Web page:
by Marta Dominguez Folgueras, OSC*
The World Health Organization (WHO) defines breastfeeding as “the best source of nourishment for infants and young children.” The organization recommends breastfeeding for at least the first six months of an infant’s life. Many countries have adapted the WHO’s discourse on breastfeeding for their own national health programs. What are the bases of these recommendations and what are their effects? How do these recommendations take into account women’s bodily autonomy? Social sciences, although rarely used, can provide illuminating responses.
Pro-breastfeeding campaigns conducted by the WHO and other organizations underline the positive effect it has on a child’s health. Breastfeeding is considered helpful in increasing a child’s immunity as well as reducing risks for various health conditions, including obesity. Potential benefits for the mother’s health are sometimes invoked, but are often relegated to the background. There are of course many reasons why a woman might choose to breastfeed — for her own pleasure, for example — but these arguments are rarely taken into account in medical discourse. Although research has shown that in poorer countries, the adverse effects of formula feeding is directly linked to a lack of potable water and insufficient access to appropriate quantities of high-quality formula, the recommendations for breastfeeding remain the same regardless of country.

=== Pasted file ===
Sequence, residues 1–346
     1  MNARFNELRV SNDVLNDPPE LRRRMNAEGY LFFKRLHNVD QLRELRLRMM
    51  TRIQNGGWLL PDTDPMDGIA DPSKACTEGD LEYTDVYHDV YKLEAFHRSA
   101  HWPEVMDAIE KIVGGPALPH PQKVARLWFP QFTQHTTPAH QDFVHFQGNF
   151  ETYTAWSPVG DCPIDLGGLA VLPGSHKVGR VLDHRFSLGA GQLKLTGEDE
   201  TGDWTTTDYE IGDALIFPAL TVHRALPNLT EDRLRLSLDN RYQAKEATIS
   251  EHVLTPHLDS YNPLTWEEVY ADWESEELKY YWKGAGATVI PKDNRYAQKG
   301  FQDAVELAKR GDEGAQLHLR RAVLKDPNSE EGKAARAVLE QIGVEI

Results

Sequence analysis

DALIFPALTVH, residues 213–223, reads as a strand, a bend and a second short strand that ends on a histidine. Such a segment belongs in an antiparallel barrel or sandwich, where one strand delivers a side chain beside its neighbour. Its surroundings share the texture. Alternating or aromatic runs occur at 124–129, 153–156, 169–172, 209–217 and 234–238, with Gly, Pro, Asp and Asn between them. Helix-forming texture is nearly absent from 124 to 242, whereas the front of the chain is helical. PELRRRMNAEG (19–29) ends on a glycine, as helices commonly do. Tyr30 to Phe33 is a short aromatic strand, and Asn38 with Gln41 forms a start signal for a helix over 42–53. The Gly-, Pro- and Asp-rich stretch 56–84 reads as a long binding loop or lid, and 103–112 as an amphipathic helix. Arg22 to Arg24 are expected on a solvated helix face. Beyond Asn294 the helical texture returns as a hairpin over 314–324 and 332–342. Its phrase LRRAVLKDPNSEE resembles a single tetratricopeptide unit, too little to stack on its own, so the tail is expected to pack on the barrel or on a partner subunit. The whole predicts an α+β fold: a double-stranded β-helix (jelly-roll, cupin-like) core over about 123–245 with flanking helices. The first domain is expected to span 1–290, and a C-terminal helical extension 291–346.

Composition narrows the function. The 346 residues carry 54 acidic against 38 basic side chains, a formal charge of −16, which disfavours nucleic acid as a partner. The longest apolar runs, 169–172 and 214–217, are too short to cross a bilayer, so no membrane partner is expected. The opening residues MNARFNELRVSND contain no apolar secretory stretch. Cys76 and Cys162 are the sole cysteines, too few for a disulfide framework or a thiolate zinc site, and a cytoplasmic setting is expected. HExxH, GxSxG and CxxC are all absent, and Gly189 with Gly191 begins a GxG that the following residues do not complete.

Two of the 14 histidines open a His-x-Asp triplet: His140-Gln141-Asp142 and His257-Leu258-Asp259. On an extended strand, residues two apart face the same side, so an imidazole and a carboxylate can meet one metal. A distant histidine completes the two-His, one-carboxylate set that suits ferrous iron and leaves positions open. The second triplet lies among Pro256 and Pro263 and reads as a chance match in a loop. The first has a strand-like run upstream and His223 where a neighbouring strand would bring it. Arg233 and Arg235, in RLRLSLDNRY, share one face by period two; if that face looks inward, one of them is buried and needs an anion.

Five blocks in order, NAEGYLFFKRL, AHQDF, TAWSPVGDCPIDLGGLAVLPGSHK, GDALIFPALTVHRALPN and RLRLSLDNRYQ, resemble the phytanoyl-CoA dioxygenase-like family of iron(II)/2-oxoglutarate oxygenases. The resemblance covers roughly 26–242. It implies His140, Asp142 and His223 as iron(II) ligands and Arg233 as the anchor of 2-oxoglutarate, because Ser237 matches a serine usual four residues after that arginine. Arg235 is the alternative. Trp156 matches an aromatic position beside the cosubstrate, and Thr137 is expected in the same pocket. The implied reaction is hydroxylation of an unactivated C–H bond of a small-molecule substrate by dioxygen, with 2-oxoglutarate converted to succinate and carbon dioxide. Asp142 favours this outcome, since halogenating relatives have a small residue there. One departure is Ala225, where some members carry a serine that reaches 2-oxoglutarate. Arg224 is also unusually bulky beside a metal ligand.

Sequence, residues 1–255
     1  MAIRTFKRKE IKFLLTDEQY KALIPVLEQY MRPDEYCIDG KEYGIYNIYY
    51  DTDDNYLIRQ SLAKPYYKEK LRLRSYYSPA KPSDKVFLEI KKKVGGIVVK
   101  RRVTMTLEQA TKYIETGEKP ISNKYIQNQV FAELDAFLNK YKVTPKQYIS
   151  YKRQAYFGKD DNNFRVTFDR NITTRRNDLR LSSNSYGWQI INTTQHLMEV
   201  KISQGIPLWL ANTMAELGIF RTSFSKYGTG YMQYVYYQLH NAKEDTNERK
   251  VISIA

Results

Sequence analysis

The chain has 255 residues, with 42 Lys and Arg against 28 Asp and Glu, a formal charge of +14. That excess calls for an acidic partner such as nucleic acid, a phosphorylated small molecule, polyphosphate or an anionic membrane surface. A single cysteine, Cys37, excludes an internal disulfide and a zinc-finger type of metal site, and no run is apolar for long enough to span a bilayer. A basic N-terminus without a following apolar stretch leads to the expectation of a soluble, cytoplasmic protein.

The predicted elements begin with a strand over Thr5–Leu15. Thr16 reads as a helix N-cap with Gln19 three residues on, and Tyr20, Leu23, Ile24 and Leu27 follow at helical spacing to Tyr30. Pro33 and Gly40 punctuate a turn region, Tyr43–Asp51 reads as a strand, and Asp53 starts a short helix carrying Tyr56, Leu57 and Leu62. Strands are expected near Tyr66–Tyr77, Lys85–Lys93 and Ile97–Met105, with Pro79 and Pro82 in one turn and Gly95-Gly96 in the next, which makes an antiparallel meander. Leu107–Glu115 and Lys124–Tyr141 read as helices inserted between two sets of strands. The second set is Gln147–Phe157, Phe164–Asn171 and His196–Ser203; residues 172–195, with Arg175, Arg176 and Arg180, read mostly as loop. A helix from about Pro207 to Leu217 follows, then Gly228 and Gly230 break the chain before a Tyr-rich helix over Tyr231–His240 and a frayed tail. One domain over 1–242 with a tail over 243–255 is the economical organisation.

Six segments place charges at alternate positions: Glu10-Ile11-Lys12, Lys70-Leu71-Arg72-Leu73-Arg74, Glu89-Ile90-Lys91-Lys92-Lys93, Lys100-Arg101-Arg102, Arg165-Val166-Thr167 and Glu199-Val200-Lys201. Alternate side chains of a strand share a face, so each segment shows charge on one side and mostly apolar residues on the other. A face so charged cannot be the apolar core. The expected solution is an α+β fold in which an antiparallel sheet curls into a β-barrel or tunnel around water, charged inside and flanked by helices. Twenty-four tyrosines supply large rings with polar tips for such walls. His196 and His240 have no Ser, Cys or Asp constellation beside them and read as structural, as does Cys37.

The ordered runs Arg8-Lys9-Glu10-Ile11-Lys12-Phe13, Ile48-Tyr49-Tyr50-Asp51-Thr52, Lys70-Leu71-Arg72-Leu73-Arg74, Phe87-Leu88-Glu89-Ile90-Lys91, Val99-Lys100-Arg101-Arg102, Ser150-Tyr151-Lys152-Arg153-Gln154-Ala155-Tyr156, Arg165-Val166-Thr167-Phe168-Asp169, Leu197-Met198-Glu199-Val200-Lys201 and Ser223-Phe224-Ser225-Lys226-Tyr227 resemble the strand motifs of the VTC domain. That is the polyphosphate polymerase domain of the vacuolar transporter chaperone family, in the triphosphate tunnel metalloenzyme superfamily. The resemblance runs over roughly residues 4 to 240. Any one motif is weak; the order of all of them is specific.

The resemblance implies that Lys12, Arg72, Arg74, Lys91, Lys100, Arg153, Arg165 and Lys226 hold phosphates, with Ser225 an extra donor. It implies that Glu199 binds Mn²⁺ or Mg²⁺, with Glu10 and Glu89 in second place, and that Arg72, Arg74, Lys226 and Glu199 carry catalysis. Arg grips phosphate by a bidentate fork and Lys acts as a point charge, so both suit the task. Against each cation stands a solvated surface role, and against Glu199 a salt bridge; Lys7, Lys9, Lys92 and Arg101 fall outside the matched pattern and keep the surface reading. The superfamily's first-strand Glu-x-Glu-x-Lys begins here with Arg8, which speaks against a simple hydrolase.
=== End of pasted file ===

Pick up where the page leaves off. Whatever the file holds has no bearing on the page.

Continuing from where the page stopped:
These recommendations are part of a broader public health discourse that focuses on individual choices to prevent health hazards(1)Sarah Nettleton, “Women and the new paradigm of health and medicine”. Critical Social Policy, 1996 . This approach puts the onus solely on mothers to ensure their children’s health. These recommendations, aside from questions of health, are in part dictated by social norms around motherhood, the role of women, and the belief that a child’s well-being should supersede a mother’s.